It's part of the reason that we're seeing stocks fall right now. I mean, now we also have some disappointing economic news out today. We learned before the opening bell that weekly jobless claims were completely unchanged last week at 374,000, so that's after that prior week was revised up.

Analysts had been expecting a decline here. And you know, we'd really like to see them get down closer to 350,000 mark. That's a level associated with a healthier job market, so definitely have a lot of work to do there, Nina.

DOS SANTOS: We also have more bad and mixed economic news, don't we? That's what's making it so difficult for the Fed to decide whether to (INAUDIBLE) or not.

ABER: There you go, Nina. It is this mixed bag. I mean, we have numbers on personal income and spending that came in. We learned that spending rose almost half a percent in July, and in the meantime, incomes rose 1/3 of 1 percent. So both of those figures were about in line with forecast and at least give some hope that economic growth could pick up this quarter.

But then, you know, Nina, you balance it out with where we are with the jobs and we're still a little bit murky there. The crystal ball, not so crystal, Nina.

DOS SANTOS: OK, Maribel Aber, thanks so much there at the New York Stock Exchange with all the latest. Time now for our currency conundrum for you out there.

Why are U.S. Bank notes green? Is it A) to stand out from other currencies, is it B) because greening is the cheapest, or is it C) green coloring has a higher resistance to chemical changes? We'll have the answer to that interesting currency conundrum later throughout the course of the program.

Let's have a look at how the world of currencies is doing at the moment. The British pound is currently falling against the greenback. Yes, the U.S. dollar, that is. Traders are wary of weak U.K. economic data that could be coming out throughout the course of the next couple of days.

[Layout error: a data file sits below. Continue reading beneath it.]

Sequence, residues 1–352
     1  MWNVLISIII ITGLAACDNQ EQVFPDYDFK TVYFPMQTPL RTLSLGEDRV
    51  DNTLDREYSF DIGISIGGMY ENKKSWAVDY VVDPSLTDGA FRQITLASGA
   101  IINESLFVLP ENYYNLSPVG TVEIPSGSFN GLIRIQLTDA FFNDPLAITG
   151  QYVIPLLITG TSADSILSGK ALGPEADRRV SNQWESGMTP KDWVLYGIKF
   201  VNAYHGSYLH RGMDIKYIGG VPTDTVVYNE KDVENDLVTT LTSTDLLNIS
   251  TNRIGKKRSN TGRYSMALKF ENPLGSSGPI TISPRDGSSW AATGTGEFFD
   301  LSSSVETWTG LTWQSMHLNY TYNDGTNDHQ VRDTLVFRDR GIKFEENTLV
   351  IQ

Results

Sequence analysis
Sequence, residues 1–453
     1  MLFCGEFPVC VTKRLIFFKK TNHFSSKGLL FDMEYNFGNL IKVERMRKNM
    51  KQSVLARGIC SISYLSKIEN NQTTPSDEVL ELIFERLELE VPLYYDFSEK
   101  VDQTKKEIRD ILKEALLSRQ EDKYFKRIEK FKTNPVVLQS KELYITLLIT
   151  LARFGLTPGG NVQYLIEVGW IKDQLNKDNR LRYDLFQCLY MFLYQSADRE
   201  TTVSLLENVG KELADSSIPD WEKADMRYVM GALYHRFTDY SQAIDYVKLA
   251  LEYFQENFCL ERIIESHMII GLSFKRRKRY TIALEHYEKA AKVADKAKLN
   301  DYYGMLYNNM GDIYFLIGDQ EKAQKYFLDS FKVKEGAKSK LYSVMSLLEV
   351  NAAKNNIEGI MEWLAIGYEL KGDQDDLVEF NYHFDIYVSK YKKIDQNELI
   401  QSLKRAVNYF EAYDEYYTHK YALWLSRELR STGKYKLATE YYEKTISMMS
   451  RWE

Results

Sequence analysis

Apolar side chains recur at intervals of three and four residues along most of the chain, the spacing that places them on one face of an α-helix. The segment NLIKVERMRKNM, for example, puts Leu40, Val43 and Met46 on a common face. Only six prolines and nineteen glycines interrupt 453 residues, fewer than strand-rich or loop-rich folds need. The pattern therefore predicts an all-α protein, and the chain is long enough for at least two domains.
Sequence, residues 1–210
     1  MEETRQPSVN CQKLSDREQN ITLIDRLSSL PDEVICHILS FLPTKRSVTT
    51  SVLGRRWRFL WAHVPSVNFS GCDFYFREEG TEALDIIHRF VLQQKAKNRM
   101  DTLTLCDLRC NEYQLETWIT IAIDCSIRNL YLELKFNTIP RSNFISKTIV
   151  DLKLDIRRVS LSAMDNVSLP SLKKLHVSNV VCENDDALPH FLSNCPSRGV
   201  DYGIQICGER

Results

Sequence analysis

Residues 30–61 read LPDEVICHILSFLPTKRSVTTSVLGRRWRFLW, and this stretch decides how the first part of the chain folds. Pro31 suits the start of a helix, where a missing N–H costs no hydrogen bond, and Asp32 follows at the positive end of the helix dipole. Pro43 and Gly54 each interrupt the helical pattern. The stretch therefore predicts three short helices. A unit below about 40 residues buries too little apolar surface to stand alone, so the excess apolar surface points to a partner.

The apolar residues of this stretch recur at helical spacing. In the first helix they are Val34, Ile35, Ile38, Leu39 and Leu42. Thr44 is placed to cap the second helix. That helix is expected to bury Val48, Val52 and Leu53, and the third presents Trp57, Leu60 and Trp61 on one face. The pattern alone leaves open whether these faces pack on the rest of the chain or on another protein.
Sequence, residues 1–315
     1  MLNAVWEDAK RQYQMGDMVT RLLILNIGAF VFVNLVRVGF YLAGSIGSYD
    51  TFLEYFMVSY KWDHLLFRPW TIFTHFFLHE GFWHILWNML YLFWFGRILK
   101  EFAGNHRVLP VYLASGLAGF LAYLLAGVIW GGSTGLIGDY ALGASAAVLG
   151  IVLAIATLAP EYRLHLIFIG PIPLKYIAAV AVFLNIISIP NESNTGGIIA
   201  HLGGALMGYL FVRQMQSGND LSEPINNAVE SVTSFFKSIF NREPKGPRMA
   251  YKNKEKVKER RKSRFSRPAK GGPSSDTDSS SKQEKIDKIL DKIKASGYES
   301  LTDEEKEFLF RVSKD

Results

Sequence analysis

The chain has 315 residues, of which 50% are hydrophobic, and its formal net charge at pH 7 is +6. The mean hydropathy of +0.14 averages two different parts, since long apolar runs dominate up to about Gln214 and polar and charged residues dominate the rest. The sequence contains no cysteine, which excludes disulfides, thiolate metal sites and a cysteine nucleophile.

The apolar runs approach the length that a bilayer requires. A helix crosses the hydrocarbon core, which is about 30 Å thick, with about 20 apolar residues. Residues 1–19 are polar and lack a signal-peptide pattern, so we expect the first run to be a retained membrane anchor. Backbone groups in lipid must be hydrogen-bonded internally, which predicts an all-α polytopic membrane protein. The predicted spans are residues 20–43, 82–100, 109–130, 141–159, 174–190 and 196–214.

And we're also seeing the Euro losing ground as well. One Euro currently is around about worth 1.2598. As you can see, 1.2498, I should say at the moment in the currency market. We're seeing a safe haven, Japanese yen rising yet again at around 78 yen and a half to the dollar. We'll be back after this.


DOS SANTOS: Welcome back. You're watching Quest means business. Here's an interesting story if you're out there. Mexico, it turns out, is suffering a severe shortage of eggs, which are an essential part of the diet of most consumers worldwide, aren't they?

Well, Mexico currently buys more than 2 and a half million tons of this commodity every single year. Egg supplies have been dropping, but prices soaring. And all of this follows a summer outbreak of bird flu, which swept through Mexico's poultry industry, detonating the chicken stock.

Well, the government is dropping tariffs on egg imports to try and stop these price hikes. Nick Parker shows us now what all this means if you're struggling to feed your family.


NICK PARKER, CNN CORRESPONDENT (voice over): It's just after dawn in Mexico city. Evan Garcia (ph) is setting out on his journey to a poor neighborhood with a special delivery. We carry cheap merchandise to help the people, he says. So they're excited, and I like that. His truck is carrying around 2,000 kilos of eggs, which are in hot demand after a bird flu outbreak in June forced Mexico to kill nearly 11 million chickens.

Egg prices doubled, helping to drive national inflation well above the 4 percent target range.

FELIPE CALDERON, PRESIDENT OF MEXICO (through translator): The egg we know is one of the main foods for Mexicans and constitutes a central part of their diet, especially in the poorest regions of the country. Therefore, these unjustified increases in a basic product threatened millions of homes and, of course, undermined their quality of life.

PARKER (voice over): President Calderon suspended tariffs on imports and announced aid of more than $200 million, which is helping to subsidize egg prices for those hardest hit.

PARKER (on camera): So the truck is now open for business. It's about 9 a.m. here in this neighborhood and there's been a constant queue of around 30 or so people that have been waiting patiently to pick up their allowance. Each person is allowed one kilogram or about 15 eggs per person.

But they'll have to make it last. This is the only trip this truck is doing to this neighborhood. Maria Del Carmen (ph) is here with her daughter and grandchild.

MARIA DEL CARMEN, MEXICAN RESIDENT (through translator): We are poor people, minimum wage. The wage of my husband is not enough so we are searching for places where eggs are cheap to feed the children because it's the only thing we can buy.